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dish

eat your veggies

By JANET K. KEELER

© St. Petersburg Times,
published June 6, 2001


spotlight on plant food
red cabbage

eating: Red cabbage, delicious though it is, has a stinky reputation. Malodorous sulphur compounds are released when this member of the cruciferous family is cooked too long. The solution is to eat it raw or cook until just tender. The less you cook it, the more it retains its ample vitamin C. Other widely eaten cabbages include green, Savoy and Napa.

buying: Look for heavy heads that have only a few loose outer layers. Outer leaves should have good color and be free of blemishes. The stem, where the head is cut from the plant, should not be dried or split. Avoid quartered or halved heads, even if they are tightly wrapped. When air hits the inner leaves, nutrients begin to break down.

preparing: Cabbage keeps well, up to 10 days, if refrigerated. Don't wash the head until ready to use. To clean, peel off loose outer layers, cut in half and remove the tough white core. Leaves that are to be stuffed should be cut gently from the core and peeled off.

cooking: It is best blanched and then sauteed, boiled in soups or stews or braised in a flavorful liquid. Vinegar pairs well with red cabbage's sweetness and also helps keep its purple color. Most stove-top preparations take 10 to 15 minutes.

quick fix: Red cabbage with sesame. Clean and core one head of red cabbage. Cut in quarters and slice thinly. Saute over high heat in 1 to 2 tablespoons of vegetable oil for about 3 minutes. Use tongs to keep cabbage moving. Salt and pepper lightly while cooking. When cabbage has wilted but is still crunchy, drizzle with sesame oil. If desired, sprinkle on toasted sesame seeds before serving.

this Web site cooks

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Forget Oscar, Emmy and Tony. What you really need to know is who won the cookbook awards. Named "Best Cookbook of the Year" by the International Association of Culinary Professionals was In the Sweet Kitchen (Random House, 2000), a book of recipes, techniques and ingredient information by pastry chef and author Regan Daley.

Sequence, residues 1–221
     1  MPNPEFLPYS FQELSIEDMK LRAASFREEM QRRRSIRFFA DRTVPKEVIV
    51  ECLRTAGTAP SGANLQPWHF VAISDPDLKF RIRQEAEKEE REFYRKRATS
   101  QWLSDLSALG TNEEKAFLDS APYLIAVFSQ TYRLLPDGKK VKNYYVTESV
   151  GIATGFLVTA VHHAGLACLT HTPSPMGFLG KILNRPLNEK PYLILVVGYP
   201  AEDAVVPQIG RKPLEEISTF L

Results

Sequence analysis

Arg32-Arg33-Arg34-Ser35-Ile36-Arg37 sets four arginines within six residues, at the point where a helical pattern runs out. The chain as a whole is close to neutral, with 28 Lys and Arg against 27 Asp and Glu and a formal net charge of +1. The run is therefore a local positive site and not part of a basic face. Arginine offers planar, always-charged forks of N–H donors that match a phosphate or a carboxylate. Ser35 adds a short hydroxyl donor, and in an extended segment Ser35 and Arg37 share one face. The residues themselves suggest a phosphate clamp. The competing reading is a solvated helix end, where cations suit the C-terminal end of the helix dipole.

This site has a complete list of winners, information on the IACP, plus recipes in many categories.

constant comment

"Wine is sure proof that God loves us and wants us to be happy." -- Benjamin Franklin

cooking lesson

A common mistake when baking is measuring incorrectly. Always measure dry ingredients, such as flour, sugar or cocoa, in cups that exactly match the measurement called for: 1 cup flour, for example, measured in a 1-cup measure, not in two 1/2-cup measures. Use a clear, graduated measuring cup for liquids.

Emeril overload?

Chef Emeril Lagasse does his star turn at his restaurants, on his TV shows and in his cookbooks. His cookware line is doing so well that new pieces, such as a whistling tea kettle, will hit stores soon. This fall, he'll play himself on an NBC sitcom about Himself. And now, the ultimate form of flattery. Bob's Carpet Mart, with several locations around the Tampa Bay area, is running TV commercials featuring an Emerilish guy in chef uniform among the rolls of Berber. You guessed it; he wants you to "kick your carpet up a notch."

open wide and say yuck

We checked out Cheetos' new "Mystery Colors X's and O's" and have one word for them. Gross. This new snack treat, which tastes the same as the original, is part of the trend toward coloring food that began last year with Heinz's green ketchup. These Cheetos turn the tongue blue after you munch them. Problem is, to see the color you have to open wide with a mouthful of food, hardly a pleasant experience for tablemates older than 12.

bottoms up

Korbel of California offers these tips to those of us (un)lucky enough to be giving a toast at a wedding:

  • Preparation is the key to feeling comfortable.
  • Write down thoughts ahead of time.
  • Always stand to deliver a toast.
  • Speak honestly and from the heart, but avoid past relationships and inside jokes.
  • Your good wishes should be no longer than two to three minutes.

Pardon me ...

Do you have any yellow Poupon? The tangy Grey lady is now marketing a version of yellow mustard. It's hard to believe the world needs another yellow mustard, but of course every company must find ways to expand its customer base. Grey Poupon Yellow should be in grocery stores this month. Suggested price is $2.89 for a 10-ounce squeeze bottle.

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